The 1932 Ms 7.6 earthquake struck the active Changma fault in the NE Tibetan Plateau, and produced a distinct surface rupture along the fault zone. However, the segmentation and termination of the surface rupture zone are still unclear. In this paper, the active tectonic analyses of multiple satellite images complemented by field investigations present the 120-km-long surface rupture zone, which can be divided into five discrete first-order segments, ranging from 14.4 to 39.56 km in length, linked by step-overs. Our results also indicate that the 1932 rupture zone could jump across step-overs 0.3–4.5 km long and 2.2–5.4 km wide in map view, but was terminated by a 6.3-km-wide restraining step-over at the eastern end. The left-lateral slip rates along the mid-eastern and easternmost segments of the Changma fault are 3.43 ± 0.5 mm/yr and 4.49 ± 0.5 mm/yr since 7–9 ka, respectively. The proposed tectonic models suggest that the slip rates on the Changma fault are similar to the slip rate on the eastern segment of the Altyn Tagh fault system near the junction point with the Changma fault. These results imply that the Changma fault plays a leading role in the slip partitioning of the easternmost segment of the Altyn Tagh fault system.
The Cenozoic tectonic deformation resulting from continuous India–Asia collision has built the remarkable topography in the Tibetan Plateau (Molnar and Tapponnier, 1975; Harrison et al., 1992; Clark and Royden, 2000; Yin and Harrison, 2000; Tapponnier et al., 2001). The Altyn Tagh fault (ATF) system and the Qilian Shan fault (QLSF) belt are two major fault zones associated with the crustal thickening and shortening in the NE Tibetan Plateau (Meyer et al., 1998; Yin et al., 2002; Cowgill et al., 2003; Royden et al., 2008; Yin, 2010). The NNW to NEE–trending CMF (between 39°50′N, 96°33′E and 39°31′N, 97°46′E) is one of the major active left-lateral strike-slip faults linking the ATF system in the west and the QLSF belt in the east (Peltzer et al., 1988; Zheng, 2009; Zheng et al., 2013; Cheng et al., 2015) (Fig. 1). The 1932 Ms 7.6 Changma earthquake produced a N70°W striking coseismic surface rupture zone along the Changma fault (CMF) (Hou et al., 1986; Peltzer et al., 1988) (Figs. 1 and 2). Numerous publications have documented the surface rupture zone with complex left-lateral en-echelon patterns, showing the channels, gullies, and scarps of 2.1–3.3 m up to 5.5 m coseismic offsets along the CMF (Hou et al., 1986; Kang, 1986; Peltzer et al., 1988; Luo et al., 2013; Lanzhou Institute of Seismology, National Bureau of Seismology, 1992). However, the segmentation, propagation, and termination of the coseismic surface rupture along the CMF remain unclear, limiting a better understanding of the role the CMF plays in the tectonic transformation in the NE Tibetan Plateau.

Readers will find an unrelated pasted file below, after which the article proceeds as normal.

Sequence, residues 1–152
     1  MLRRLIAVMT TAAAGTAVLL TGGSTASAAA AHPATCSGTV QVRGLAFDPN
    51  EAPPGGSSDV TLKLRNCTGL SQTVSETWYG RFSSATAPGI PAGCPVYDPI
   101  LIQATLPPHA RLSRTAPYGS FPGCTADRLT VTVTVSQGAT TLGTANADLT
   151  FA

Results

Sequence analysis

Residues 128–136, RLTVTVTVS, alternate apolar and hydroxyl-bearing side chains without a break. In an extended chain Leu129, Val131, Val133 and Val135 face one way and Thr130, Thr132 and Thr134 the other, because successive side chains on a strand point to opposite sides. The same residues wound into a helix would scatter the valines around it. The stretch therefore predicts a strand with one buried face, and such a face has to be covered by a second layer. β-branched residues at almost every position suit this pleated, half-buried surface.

On the basis of the spatial distribution and continuities, a previous study carried out by the Lanzhou Institute of Seismology, SSB (1992) divided the CMF surface rupture zone into three discrete segments, each extending 40–50 km in length. Their field work also found the extensional tracks, coseismic scarps, and bulges developed within the surface rupture zone (Hou et al., 1986; Lanzhou Institute of Seismology, National Bureau of Seismology, 1992). The 14C dating age of upper and lower terraces, estimated to be 12,000–15,000 yr B.P. and 7000–9000 yr B.P., together with the streams of 20–40 m left-lateral offsets, yielded an average Holocene left-lateral slip rate of 3.3–4.3 mm/r along strike of the CMF (Lanzhou Institute of Seismology, National Bureau of Seismology, 1992). Other studies proposed that the surface rupture zone was composed of four reverse S-shaped segments, based on the geometric features and structural deformations along the CMF (Zheng, 2009; Luo et al., 2013). Their results indicated that the left-lateral slip rates of beheaded stream channels and thrust rates of fault scarps were 1.17 ± 0.07 mm/yr and 0.14 ± 0.02 mm/yr, respectively, on the abandon alluvial fan along the western CMF (Zheng, 2009; Zheng et al., 2013). The left-lateral slip rates of offset stream channels increased gradually from 1.33 ± 0.39 mm/yr to 3.68 ± 0.41 mm/yr from west to east, implying that the structural deformations along the CMF have absorbed the slip of the ATF system (Luo et al., 2013).
The previously mentioned studies focused on the geologic and geomorphic features of the surface rupture zone. But the discontinuities developed along the surface rupture zone are important for understanding the segmentation of the surface rupture zone (Segall and Pollard, 1980; DePolo et al., 1991; Zhang et al., 1991, 1999; Fu et al., 2005). These discontinuities are mainly characterized by complex step-overs and bends with great impacts on the initiation, propagation, and termination of coseismic ruptures (Barka and Kadinsky-Cade, 1988; Wesnousky, 1988; Harris and Day, 1993; Zhang et al., 1999; Duan and Oglesby, 2005, 2006; Lozos et al., 2011; Elliott et al., 2018). Numerical geological models agree with the field observations that large earthquakes could easily propagate through step-overs with widths of <4 km, but could be arrested by those ones with widths of >5 km (Crone and Haller, 1991; Zhang et al., 1991; Lettis et al., 2002; Duan and Oglesby, 2006; Wesnousky, 2006; Elliott et al., 2009). In order to study the segmentation and termination of the surface rupture zone, more detailed analyses of discontinuities developed within the surface rupture zone are needed. These results can provide significant implications for the role the CMF plays in the tectonic transition of the ATF system.
In this paper, we first interpret the segmentation and geometric and geomorphic features of the CMF rupture zone in detail based on high-resolution satellite images and field observations. Then, CMF slip rates will be estimated using age dating data and slip displacements. Finally, we explore the reasons for the termination of the 1932 Changma co-seimic surface rupture zone, and propose a new tectonic model to explain the role the CMF played in the slip partitioning of the ATF system.